Data breaches are costly. According to a recent study conducted by The Ponemon Institute, the average breach costs an organisation $3.86 million. A separate study found that, although the share price of breach-affected companies shows its sharpest drop 14 days after the breach is made public, there’s still a discernible impact on the organisation’s stock valuation three years post-event. Josh Lefkowitz delves further into the detail.
Business impacts at this level affect the fundamental financial performance and sustainability of an organisation, which means cyber security must no longer be considered an IT issue. Rather, it’s a matter for the Board in its role as custodian of shareholder value.
By managing cyber risk as part of the overall organisational risk strategy, Boards can put it into a commercial context and drive the cultural awareness of risk that’s essential to promote cyber resilience across the business.
Elevating cyber risk management to Board level is not without its challenges, though. We’re still very much in the midst of a shift in mindset from a technology-centric to a business-centric view of cyber threats. This can result in a disconnect. Many Boards find it difficult to interpret the information they receive from the IT team, while many IT functions struggle to understand what data the Board really needs to carry out effective oversight.
This challenge was underlined by recent EY interviews that found difficulties “obtaining relevant, objective and reliable information presented in business-centric terms…[and this] affects Board members’ ability to understand the risk facing their organisations and evaluate management’s response to these risks.”
This area is where the evolving role of the Chief Information Security Officer (CISO), sitting between the business and the Board, requires a mix of skills. CISOs need both technical expertise in analysing and interpreting threat metrics and technology performance and the ability to apply these skills in a broader business context for Board directors such that they can deliver strategic cyber risk oversight and governance for the business.
From numbers to narrative
While Boards are increasingly factoring cyber skill sets into their succession planning when recruiting new Board members, most current Board directors don’t have deep experience in cyber security. This means that any metric-based reporting should be simple to interpret, including auditable figures that provide an overview of the organisation’s security posture.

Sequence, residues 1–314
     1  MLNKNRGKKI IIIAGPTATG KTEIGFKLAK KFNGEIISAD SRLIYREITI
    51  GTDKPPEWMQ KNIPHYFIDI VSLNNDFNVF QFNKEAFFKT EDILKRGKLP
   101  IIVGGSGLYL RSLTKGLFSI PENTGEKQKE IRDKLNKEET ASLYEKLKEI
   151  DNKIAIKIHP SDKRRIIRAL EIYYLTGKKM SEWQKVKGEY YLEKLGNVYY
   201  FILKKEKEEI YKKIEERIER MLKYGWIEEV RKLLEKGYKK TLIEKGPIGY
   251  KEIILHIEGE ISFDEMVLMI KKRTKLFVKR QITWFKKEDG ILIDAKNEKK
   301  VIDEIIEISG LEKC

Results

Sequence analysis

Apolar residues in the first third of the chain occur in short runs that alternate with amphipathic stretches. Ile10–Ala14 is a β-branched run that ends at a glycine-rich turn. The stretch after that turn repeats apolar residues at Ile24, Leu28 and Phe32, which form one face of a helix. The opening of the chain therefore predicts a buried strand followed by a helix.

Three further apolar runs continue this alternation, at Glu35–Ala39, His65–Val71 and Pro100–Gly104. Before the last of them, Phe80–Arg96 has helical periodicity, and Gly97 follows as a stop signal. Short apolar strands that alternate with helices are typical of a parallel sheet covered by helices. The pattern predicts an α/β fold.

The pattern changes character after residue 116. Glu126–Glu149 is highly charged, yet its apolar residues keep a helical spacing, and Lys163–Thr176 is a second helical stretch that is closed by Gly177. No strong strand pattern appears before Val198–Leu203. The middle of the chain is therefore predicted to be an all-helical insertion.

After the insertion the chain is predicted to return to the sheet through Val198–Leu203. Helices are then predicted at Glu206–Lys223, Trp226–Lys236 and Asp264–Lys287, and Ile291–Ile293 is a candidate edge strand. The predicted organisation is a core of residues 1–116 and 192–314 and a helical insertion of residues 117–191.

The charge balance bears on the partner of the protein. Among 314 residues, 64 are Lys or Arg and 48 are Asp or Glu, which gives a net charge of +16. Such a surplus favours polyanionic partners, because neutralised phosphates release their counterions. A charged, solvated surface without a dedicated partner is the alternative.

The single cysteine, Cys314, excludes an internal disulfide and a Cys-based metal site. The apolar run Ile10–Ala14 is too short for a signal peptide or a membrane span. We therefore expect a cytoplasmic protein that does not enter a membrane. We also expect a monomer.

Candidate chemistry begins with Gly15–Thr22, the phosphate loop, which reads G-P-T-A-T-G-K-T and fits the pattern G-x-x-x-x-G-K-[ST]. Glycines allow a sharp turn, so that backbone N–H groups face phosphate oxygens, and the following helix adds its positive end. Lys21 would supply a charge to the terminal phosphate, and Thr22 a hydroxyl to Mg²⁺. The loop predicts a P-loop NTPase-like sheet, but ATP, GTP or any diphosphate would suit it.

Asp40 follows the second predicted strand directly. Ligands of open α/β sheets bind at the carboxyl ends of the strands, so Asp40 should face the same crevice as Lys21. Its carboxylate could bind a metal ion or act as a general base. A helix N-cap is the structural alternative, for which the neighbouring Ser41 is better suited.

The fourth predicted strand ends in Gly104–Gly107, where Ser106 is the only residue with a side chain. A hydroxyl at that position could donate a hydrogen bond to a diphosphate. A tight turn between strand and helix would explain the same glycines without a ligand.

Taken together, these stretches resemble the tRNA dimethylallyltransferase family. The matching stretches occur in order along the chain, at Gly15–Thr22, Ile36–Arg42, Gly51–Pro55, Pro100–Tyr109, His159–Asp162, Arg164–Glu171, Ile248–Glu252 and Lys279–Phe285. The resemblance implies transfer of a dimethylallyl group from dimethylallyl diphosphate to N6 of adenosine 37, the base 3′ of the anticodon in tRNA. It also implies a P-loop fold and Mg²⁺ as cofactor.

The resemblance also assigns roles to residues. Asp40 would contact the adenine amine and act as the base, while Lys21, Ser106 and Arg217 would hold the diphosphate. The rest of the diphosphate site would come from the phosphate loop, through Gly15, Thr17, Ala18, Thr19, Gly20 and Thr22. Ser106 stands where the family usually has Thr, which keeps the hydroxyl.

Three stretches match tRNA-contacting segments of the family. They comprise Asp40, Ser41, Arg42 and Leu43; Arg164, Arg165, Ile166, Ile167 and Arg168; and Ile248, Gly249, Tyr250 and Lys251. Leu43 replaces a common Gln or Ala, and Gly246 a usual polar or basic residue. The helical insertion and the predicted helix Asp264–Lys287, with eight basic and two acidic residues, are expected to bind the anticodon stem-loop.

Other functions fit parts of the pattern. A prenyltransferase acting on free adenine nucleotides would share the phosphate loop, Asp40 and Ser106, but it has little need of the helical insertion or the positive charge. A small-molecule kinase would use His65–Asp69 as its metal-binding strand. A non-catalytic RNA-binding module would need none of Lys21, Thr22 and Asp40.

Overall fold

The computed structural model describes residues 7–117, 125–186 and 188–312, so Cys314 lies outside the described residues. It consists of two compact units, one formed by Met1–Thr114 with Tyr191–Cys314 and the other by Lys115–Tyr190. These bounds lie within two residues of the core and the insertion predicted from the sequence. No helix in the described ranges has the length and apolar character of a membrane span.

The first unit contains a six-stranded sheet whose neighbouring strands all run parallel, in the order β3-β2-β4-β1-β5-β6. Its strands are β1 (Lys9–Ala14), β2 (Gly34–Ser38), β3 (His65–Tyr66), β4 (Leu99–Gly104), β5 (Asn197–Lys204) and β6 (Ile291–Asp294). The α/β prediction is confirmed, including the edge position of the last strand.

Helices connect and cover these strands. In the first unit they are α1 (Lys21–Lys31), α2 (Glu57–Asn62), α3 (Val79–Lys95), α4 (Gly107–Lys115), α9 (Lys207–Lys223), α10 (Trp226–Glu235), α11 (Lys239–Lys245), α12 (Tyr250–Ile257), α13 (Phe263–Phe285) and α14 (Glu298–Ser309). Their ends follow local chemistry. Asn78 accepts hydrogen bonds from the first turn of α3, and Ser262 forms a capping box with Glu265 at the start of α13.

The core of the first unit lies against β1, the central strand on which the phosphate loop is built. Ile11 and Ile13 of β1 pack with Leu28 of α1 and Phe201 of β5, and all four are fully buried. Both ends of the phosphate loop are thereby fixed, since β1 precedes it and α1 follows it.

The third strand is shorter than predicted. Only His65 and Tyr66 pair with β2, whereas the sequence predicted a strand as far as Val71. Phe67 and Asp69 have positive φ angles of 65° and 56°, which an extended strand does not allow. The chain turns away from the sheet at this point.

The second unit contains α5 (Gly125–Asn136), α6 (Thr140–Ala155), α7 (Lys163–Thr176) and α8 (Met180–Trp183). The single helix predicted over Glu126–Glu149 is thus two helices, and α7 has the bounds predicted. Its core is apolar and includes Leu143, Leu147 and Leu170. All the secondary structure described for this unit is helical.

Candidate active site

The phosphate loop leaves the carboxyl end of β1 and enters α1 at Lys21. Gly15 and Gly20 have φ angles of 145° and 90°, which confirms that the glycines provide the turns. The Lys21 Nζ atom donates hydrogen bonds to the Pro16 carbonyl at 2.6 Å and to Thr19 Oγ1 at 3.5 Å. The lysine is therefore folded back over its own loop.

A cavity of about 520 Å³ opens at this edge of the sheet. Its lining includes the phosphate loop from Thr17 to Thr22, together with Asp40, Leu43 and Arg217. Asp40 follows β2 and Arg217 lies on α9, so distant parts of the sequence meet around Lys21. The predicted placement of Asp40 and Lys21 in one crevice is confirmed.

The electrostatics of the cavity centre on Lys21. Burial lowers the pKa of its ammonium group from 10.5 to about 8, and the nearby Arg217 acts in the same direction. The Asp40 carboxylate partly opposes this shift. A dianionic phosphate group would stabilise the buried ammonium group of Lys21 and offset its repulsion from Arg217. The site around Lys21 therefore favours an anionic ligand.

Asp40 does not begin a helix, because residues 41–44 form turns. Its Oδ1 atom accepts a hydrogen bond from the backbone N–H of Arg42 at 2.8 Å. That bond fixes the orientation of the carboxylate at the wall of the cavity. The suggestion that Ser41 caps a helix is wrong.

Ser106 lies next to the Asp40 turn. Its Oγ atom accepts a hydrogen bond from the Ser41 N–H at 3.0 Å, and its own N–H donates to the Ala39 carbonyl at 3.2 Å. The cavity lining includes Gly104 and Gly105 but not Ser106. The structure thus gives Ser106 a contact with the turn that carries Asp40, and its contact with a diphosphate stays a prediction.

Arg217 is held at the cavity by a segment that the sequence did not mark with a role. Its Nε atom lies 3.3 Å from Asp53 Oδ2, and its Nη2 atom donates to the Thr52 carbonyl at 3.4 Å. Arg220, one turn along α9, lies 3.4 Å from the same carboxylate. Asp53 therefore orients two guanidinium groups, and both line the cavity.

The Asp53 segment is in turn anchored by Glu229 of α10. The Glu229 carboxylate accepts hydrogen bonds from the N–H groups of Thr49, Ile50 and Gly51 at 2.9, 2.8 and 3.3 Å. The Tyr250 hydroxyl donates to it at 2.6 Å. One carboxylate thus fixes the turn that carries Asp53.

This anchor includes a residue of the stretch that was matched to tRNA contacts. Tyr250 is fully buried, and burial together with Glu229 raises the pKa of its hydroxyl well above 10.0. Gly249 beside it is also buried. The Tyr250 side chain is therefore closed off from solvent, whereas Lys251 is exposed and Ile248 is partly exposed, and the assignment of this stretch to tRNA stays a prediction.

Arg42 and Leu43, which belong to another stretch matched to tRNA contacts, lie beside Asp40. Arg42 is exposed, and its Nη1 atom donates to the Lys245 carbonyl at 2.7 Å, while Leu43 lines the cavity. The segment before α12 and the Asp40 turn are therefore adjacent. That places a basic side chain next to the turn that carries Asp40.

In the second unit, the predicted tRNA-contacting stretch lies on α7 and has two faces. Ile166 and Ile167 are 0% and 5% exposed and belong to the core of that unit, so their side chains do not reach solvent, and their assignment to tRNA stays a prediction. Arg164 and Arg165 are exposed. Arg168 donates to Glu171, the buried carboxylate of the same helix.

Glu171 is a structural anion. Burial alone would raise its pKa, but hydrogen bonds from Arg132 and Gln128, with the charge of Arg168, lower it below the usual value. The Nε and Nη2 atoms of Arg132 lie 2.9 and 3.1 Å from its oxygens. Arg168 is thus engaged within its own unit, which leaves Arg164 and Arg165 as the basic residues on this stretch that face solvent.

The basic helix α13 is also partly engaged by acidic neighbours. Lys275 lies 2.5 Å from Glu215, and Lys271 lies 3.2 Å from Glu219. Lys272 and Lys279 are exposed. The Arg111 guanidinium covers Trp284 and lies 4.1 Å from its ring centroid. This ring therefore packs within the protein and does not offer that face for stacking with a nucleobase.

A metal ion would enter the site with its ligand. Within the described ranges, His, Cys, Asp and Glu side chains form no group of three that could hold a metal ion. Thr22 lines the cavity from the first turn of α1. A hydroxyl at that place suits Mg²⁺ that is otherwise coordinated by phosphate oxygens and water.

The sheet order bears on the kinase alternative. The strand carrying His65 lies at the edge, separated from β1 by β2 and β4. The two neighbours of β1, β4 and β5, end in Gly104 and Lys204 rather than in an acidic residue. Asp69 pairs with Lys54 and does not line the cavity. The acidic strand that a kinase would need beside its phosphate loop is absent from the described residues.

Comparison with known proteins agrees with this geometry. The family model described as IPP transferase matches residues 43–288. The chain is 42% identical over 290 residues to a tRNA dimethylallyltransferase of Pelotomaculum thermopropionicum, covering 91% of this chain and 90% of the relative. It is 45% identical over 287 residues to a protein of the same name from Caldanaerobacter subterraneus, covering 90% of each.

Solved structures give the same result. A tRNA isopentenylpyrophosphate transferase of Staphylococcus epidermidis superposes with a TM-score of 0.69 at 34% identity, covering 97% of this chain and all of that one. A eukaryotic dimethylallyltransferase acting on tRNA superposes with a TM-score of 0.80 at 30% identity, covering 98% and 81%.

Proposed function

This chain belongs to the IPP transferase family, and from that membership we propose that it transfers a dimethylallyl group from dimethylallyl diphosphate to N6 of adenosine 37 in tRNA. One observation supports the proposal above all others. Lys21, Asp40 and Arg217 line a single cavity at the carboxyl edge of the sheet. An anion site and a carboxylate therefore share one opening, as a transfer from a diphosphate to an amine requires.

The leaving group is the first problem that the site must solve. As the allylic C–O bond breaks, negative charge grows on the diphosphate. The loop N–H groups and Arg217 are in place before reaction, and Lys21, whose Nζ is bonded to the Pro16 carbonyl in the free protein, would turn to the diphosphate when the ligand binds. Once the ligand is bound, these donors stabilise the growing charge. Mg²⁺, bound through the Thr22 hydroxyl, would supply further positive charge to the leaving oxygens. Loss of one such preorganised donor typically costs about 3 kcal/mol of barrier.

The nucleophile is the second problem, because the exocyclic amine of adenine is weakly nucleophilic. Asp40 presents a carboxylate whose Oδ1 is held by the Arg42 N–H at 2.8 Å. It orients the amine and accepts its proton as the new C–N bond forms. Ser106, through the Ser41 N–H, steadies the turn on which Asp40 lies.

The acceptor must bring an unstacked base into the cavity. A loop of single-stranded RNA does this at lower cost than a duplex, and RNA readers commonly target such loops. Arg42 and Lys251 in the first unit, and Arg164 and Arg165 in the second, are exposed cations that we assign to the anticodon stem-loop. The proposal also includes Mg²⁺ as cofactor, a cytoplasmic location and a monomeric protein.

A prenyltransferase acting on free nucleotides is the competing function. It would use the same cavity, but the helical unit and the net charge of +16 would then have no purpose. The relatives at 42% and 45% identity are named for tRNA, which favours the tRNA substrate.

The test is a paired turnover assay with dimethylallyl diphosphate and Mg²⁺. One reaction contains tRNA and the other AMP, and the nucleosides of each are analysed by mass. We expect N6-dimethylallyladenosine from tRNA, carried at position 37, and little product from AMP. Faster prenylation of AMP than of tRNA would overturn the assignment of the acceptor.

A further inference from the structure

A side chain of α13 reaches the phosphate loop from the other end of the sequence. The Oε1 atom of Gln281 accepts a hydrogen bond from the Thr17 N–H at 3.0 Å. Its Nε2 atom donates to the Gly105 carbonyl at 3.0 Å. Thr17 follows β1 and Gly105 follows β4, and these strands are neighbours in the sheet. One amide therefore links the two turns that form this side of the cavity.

Reports should also be framed in terms of the impacts specific security incidents have on the business. For example, a DDoS attack might cause reputational risk, operational risk and strategic risk. Of course, the flipside of risk is compliance, so the Board also needs to know how cyber security incidents could impact data privacy and governance.
It’s the role of the Board to challenge senior management robustly in order to deliver effective oversight. That being the case, CISOs should be ready to answer questions around the organisation’s cyber security maturity and the frameworks established to manage emerging threats.
However, while numbers and frameworks are valuable in helping Boards evaluate and audit cyber risk posture, when it comes to setting a risk-aware culture, directors really need deeper context around the types of threats specific to their organisation. If Board directors are given a window into the environment, tactics and motivational psychology of actors that target their sector and business, they can better understand the risks themselves. Once that has been achieved, Board directors can become an asset to the CISO in promoting a cyber risk-aware culture not just as a tick-box exercise, but because they have genuine appreciation of the factors – and, indeed actors – in play.
To achieve this Board-level buy-in, CISOs need to move from numbers to narrative in order to drive the message home. This is where business risk intelligence provides the context that helps bring risk to life.
It’s undoubtedly useful for senior leaders to understand the frequency and type of the cyber attacks the business experiences, but it’s also valuable for them to know the extent to which the organisation is the topic of conversation in the illicit online communities that initiate those attacks.
Deep and Dark Web forums, chat services and other platforms are often where cyber criminals discuss tactics to defraud or infiltrate the organisation. These types of venues are also where company secrets, Intellectual Property and stolen data may be offered for sale. An overview of the company’s profile across the Deep and Dark Web, as well as other illicit online communities, and the kinds of tactics that are being discussed is a powerful way in which CISOs can help directors gain context to understand what the business faces.
Illustrating third party risk
Third party risk, including supply chain weaknesses, is a hot topic among Boardrooms as businesses realise that keeping their own house in order is not enough. Intelligence gleaned from illicit online communities can also be used to illustrate potential weaknesses in – or threats posed to – partner organisations. This intelligence can help Boards meet objectives to manage supply chain risk.
Successful cyber risk oversight by company Boards of Directors relies on them receiving a combination of auditable metrics, risk impact assessments and contextual information, in turn enabling them to provide informed oversight of cyber risk.
Greater understanding of the threat actor environment also assists Boards in leading a risk-aware culture across the business, moving from a tick-box approach towards a genuine cultural shift.
Josh Lefkowitz is CEO of Flashpoint